Differences Between Higher Education In Europe & America

The U.S. and Europe are two of the most popular destinations for international students to study abroad. The U.S. is one country with 50 states, and Europe is one continent with 44 countries; both vastly differ regarding educational systems.

U.S. universities are known to be on the more expensive side. The school spirit on campus is very strong as all universities have a mascot and an active community that keeps the students on their toes with several activities. The U.S. educational system also believes in a comprehensive academic plan where students must take a set of general education classes in addition to the major-related courses in the student's choice of program. These general education classes would include introductory courses in English, math, psychology, natural sciences, fine arts, humanities, and social sciences, etc.; all these additional classes are a big reason why a Bachelor's degree in the U.S. would be four years vs. the counterparts in Europe being three years.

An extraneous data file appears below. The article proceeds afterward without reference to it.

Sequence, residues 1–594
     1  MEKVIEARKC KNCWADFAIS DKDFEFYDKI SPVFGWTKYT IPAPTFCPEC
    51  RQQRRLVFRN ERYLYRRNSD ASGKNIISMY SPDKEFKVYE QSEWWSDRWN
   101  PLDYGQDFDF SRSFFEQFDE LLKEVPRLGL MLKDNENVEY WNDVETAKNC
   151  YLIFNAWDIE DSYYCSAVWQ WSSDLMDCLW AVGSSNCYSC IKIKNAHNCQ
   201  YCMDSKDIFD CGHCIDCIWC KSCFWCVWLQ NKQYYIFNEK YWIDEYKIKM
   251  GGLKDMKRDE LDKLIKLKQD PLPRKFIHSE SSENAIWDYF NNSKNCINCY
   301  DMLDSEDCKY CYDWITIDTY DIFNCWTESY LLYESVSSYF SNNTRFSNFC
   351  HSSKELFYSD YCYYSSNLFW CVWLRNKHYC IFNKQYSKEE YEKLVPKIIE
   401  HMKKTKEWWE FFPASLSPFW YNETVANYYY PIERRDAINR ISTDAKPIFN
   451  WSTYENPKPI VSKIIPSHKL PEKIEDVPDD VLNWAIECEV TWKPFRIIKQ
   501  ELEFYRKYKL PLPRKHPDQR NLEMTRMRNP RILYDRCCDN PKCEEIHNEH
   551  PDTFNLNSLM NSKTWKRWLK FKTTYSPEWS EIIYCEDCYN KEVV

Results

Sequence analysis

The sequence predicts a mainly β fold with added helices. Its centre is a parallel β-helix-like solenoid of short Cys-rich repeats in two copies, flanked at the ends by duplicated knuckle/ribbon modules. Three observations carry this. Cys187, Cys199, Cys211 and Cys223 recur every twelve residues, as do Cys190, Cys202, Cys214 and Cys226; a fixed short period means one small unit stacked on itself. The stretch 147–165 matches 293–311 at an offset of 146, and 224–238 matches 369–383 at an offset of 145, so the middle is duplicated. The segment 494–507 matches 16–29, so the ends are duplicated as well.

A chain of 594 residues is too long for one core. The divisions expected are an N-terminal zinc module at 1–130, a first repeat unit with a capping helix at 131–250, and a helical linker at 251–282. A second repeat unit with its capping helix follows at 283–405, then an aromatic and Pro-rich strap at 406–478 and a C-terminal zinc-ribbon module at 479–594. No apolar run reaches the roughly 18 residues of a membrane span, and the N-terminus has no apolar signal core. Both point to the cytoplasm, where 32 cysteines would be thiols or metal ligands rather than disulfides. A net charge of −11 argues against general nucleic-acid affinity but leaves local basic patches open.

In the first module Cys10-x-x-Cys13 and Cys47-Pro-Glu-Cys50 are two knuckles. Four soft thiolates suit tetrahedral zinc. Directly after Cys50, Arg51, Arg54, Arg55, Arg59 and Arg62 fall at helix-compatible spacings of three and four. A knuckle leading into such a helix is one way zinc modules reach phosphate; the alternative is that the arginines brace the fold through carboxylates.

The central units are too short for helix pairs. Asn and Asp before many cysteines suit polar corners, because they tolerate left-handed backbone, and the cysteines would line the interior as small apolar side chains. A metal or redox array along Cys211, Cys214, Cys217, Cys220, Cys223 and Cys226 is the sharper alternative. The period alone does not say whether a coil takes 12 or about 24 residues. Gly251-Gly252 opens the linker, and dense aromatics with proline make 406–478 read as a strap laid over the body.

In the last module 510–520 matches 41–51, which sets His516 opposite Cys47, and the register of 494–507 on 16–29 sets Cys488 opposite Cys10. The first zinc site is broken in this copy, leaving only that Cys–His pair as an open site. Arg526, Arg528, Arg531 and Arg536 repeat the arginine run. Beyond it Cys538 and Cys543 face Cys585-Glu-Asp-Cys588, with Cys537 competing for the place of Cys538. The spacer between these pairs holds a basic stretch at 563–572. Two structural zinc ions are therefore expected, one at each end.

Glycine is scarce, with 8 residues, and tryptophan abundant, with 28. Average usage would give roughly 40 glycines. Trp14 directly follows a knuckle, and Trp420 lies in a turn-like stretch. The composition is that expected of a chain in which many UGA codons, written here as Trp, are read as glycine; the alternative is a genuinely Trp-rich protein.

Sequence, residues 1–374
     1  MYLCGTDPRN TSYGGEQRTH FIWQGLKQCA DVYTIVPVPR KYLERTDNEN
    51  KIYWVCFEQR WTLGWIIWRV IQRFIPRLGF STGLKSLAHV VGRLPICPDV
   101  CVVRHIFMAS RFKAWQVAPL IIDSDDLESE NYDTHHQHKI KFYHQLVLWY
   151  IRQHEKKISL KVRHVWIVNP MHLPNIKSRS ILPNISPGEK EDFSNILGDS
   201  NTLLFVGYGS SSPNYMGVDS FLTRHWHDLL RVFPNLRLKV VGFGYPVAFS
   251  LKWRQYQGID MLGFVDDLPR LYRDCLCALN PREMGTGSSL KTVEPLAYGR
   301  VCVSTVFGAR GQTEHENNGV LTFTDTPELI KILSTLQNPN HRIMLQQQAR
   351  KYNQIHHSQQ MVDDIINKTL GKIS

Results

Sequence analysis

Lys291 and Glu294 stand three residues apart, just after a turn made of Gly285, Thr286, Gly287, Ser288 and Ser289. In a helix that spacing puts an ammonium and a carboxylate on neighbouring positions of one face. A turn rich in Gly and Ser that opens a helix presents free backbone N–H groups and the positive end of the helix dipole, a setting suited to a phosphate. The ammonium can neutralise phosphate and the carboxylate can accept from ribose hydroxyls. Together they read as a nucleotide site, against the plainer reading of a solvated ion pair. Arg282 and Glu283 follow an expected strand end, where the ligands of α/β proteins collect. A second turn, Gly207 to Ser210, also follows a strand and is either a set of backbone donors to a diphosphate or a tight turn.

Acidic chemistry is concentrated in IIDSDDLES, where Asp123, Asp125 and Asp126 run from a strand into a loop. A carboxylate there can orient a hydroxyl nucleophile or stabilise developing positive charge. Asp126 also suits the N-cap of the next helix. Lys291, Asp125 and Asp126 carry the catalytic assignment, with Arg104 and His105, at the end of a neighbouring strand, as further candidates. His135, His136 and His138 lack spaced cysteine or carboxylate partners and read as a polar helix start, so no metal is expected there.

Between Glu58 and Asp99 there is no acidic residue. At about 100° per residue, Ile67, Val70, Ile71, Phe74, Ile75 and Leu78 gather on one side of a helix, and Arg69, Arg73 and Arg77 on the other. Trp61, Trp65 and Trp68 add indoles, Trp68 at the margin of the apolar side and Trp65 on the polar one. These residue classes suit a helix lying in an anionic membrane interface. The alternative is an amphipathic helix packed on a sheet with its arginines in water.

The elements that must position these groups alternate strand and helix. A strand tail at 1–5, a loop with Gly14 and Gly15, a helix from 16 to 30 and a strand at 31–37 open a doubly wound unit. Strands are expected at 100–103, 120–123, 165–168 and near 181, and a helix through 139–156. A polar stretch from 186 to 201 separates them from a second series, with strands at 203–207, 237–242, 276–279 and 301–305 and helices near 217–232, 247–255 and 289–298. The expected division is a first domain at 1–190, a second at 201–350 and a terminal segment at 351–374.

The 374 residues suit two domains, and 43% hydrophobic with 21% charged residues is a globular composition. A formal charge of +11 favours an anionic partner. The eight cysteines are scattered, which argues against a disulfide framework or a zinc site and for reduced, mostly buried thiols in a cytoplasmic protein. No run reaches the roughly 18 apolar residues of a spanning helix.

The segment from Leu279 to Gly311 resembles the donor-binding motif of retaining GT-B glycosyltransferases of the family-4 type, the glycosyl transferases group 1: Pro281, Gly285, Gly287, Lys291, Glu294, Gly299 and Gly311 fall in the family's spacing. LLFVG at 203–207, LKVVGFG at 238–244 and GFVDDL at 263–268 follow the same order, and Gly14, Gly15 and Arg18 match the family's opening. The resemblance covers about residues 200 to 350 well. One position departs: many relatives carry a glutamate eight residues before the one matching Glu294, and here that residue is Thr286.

In Europe, universities are highly funded by the government and follow a socialist approach. Education is open to everyone for free or for a very minimal cost. Some universities also offer free education to international students. Others have a tuition fee of 1/5th of what it would cost to study at a U.S. university. Education in Europe is straightforward; if you want to get a degree in engineering, you study engineering, math, physics, etc., and finish your degree in three years. There are no general education requirements and less flexibility in choosing your classes than in U.S. universities.

Both of them have their pros and cons. So as a student, you must decide which type of society you want to live and thrive in. Universities in both places are some of the best in the world, and you will surely advance your educational journey by deciding to go to either.

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